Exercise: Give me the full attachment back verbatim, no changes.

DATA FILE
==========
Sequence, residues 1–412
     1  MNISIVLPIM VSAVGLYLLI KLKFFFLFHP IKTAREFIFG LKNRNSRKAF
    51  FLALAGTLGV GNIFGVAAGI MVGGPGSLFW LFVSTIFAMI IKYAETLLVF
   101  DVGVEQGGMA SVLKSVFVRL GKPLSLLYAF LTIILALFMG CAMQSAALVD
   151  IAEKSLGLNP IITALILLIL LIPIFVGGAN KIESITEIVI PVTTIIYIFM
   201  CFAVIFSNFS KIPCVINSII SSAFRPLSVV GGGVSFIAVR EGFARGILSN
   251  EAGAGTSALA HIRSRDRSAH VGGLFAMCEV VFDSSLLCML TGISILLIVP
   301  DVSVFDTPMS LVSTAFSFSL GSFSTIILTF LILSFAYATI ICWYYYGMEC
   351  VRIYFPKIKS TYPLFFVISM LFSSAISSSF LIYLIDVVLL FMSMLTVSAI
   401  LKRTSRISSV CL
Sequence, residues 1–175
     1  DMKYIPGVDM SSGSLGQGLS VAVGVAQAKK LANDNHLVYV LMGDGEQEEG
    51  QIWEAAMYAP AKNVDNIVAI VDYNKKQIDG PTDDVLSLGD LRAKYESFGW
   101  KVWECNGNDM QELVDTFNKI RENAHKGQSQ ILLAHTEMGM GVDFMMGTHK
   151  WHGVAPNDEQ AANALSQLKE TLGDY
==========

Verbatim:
Sequence, residues 1–412
     1  MNISIVLPIM VSAVGLYLLI KLKFFFLFHP IKTAREFIFG LKNRNSRKAF
    51  FLALAGTLGV GNIFGVAAGI MVGGPGSLFW LFVSTIFAMI IKYAETLLVF
   101  DVGVEQGGMA SVLKSVFVRL GKPLSLLYAF LTIILALFMG CAMQSAALVD
   151  IAEKSLGLNP IITALILLIL LIPIFVGGAN KIESITEIVI PVTTIIYIFM
   201  CFAVIFSNFS KIPCVINSII SSAFRPLSVV GGGVSFIAVR EGFARGILSN
   251  EAGAGTSALA HIRSRDRSAH VGGLFAMCEV VFDSSLLCML TGISILLIVP
   301  DVSVFDTPMS LVSTAFSFSL GSFSTIILTF LILSFAYATI ICWYYYGMEC
   351  VRIYFPKIKS TYPLFFVISM LFSSAISSSF LIYLIDVVLL FMSMLTVSAI
   401  LKRTSRISSV CL
Sequence, residues 1–175
     1  DMKYIPGVDM SSGSLGQGLS VAVGVAQAKK LANDNHLVYV LMGDGEQEEG
    51  QIWEAAMYAP AKNVDNIVAI VDYNKKQIDG PTDDVLSLGD LRAKYESFGW
   101  KVWECNGNDM QELVDTFNKI RENAHKGQSQ ILLAHTEMGM GVDFMMGTHK
   151  WHGVAPNDEQ AANALSQLKE TLGDY